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Jewish Hospital First in Louisville to Use GPS-Like Technology for Procedures to correct Heart Rhythm problems
MediGuide Technology is designed to improve precision as well as significantly reduce radiation exposure for patients, physicians and staff
Louisville, Ky. (October 6, 2015) – Jewish Hospital, part of KentuckyOne Health, is the first facility in Louisville to use a new medical technology in cardiac procedures, similar to a global positioning system (GPS) drivers use to determine the location of their vehicle on a map.
The MediGuide™ Technology allows physicians to see the precise location of specially designed delivery tools and catheters enabled with miniature sensors to navigate within the heart. Using a low-powered electromagnetic field, the system allows physicians to see in real-time, a three-dimensional (3-D) image of these tools on pre-recorded fluoroscopy (a rapid series of X-ray images). Automatic adjustments are made to the pre-recorded images to compensate for changing heart rhythms, breathing and patient movement. By allowing the physician to track devices on pre-recorded fluoroscopy, MediGuide technology can help avoid additional fluoroscopy throughout the procedure and can reduce radiation exposure to the patient by approximately 80 percent.
“Real time imaging is crucial to providing the most precise patient care,” said Rakesh Gopinathannair, MD, MA, FHRS, director of Cardiac Electrophysiology, University of Louisville and KentuckyOne Health. “Adding this multi-faceted technology to our toolkit means that we’re able to limit the amount of radiation exposure while improving patient outcomes.”
The MediGuide technology may be used to aid a physician in navigating delivery tools and catheters in the cardiac anatomy during implantable device procedures, such as cardiac resynchronization therapy (CRT) cases, which helps restore a patient’s heart rhythm back to normal and protects against sudden cardiac death. MediGuide technology can also be used in ablation procedures where radiofrequency (RF) energy is delivered to correct an arrhythmia (or irregular heart beat).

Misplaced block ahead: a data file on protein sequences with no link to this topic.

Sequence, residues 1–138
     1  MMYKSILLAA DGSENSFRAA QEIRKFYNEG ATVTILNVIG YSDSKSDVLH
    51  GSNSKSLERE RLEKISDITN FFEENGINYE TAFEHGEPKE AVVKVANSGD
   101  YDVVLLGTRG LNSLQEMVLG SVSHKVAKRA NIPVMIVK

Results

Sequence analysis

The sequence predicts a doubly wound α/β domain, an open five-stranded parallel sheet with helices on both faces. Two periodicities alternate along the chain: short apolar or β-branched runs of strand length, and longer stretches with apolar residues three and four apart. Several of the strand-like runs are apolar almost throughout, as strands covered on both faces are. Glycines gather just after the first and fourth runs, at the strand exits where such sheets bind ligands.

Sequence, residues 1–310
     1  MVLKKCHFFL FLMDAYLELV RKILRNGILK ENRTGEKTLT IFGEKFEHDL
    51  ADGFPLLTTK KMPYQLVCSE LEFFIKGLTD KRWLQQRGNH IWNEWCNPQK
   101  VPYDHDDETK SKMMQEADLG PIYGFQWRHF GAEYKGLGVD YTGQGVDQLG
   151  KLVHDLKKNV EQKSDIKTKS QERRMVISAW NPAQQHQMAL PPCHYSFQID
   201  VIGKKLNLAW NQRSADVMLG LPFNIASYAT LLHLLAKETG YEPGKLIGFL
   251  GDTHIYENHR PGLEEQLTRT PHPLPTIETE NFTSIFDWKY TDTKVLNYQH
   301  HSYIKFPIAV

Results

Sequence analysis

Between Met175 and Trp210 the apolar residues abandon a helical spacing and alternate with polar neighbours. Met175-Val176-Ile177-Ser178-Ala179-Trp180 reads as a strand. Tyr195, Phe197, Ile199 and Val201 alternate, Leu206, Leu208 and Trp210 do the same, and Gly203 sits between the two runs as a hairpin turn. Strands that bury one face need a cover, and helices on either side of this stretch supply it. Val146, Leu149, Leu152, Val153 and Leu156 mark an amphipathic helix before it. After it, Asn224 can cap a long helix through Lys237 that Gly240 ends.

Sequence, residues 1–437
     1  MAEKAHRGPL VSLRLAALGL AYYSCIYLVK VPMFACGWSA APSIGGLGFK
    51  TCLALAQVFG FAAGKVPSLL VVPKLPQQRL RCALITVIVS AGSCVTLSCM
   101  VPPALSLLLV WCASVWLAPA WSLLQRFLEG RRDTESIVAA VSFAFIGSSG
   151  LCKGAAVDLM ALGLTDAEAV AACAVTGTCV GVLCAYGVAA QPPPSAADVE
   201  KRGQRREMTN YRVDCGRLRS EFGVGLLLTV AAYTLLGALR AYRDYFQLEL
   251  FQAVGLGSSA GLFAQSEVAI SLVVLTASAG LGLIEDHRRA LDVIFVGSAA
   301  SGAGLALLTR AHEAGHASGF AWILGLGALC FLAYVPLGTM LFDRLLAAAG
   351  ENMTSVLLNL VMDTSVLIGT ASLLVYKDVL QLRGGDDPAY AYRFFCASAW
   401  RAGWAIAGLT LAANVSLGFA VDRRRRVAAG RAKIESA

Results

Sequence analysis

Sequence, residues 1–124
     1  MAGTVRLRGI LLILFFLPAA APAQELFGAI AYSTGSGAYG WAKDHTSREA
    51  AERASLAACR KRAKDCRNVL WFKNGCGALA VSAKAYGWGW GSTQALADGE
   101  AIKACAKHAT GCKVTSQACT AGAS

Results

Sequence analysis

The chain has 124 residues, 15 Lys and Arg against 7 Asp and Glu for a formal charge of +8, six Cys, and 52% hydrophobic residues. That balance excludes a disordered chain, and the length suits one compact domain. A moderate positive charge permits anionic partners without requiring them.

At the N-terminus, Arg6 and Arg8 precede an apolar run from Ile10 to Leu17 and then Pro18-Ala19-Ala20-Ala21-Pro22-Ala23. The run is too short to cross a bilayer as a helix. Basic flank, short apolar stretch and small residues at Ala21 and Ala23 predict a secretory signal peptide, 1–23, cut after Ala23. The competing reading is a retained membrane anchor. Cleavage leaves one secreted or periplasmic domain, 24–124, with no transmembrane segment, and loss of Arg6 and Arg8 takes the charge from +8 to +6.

Why reducing fluoroscopy is important
The current standard practice for viewing devices in the heart uses continuous, live fluoroscopy, which is a rapid series of X-ray images taken throughout the course of the procedure. Worldwide, physicians perform millions of these radiation-based imaging procedures annually and approximately one-third occur in cardiovascular patients.
While the benefits of imaging provided by fluoroscopy are important, studies show that the ionizing radiation from repeated exposure to fluoroscopy over time may compromise a person’s immune system, elevate the risk of developing cancer, or present other health hazards. These risks also have the potential to greatly impact overall health care costs. With MediGuide technology, instead of using prolonged live x-rays, physicians can now insert MediGuide sensor-enabled catheters into the patient’s heart and precisely guide it to repair the damaged heart muscle.
“At KentuckyOne Health, we’re dedicated to improving the health of Kentuckians,” said Joe Gilene, president, Jewish Hospital, and downtown market leader. “This new technology, in the hands of our skilled and compassionate physicians and medical staff, is just one way that we’re able to provide the best care to our patients.”